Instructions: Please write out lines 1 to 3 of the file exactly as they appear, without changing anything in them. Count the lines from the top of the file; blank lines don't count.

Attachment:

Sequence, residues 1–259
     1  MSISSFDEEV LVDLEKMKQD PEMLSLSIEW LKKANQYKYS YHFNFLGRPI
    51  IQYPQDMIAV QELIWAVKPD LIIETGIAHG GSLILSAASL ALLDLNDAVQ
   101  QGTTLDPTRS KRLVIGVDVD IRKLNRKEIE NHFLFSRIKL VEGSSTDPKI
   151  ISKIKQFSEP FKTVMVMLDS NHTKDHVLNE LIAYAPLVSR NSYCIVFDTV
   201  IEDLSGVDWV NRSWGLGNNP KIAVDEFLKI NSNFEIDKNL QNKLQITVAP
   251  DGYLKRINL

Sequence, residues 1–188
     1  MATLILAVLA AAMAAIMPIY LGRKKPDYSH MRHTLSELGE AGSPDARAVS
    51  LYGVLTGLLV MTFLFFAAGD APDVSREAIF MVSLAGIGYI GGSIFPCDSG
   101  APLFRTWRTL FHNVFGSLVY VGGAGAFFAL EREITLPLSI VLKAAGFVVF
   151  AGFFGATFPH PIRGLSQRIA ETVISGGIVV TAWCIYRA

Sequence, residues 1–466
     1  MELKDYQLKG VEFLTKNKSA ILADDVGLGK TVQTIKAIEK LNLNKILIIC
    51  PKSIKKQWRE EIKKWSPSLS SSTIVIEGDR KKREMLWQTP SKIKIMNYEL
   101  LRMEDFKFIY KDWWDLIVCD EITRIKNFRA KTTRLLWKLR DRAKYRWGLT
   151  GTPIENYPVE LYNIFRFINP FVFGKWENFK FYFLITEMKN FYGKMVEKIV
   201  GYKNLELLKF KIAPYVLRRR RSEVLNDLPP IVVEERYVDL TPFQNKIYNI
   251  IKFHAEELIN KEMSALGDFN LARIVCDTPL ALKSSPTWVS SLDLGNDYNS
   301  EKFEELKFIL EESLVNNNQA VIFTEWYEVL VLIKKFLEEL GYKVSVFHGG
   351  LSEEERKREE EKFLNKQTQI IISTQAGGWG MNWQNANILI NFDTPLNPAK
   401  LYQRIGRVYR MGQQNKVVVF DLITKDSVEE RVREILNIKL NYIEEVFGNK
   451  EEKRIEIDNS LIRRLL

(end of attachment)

Sequence, residues 1–259
     1  MSISSFDEEV LVDLEKMKQD PEMLSLSIEW LKKANQYKYS YHFNFLGRPI
    51  IQYPQDMIAV QELIWAVKPD LIIETGIAHG GSLILSAASL ALLDLNDAVQ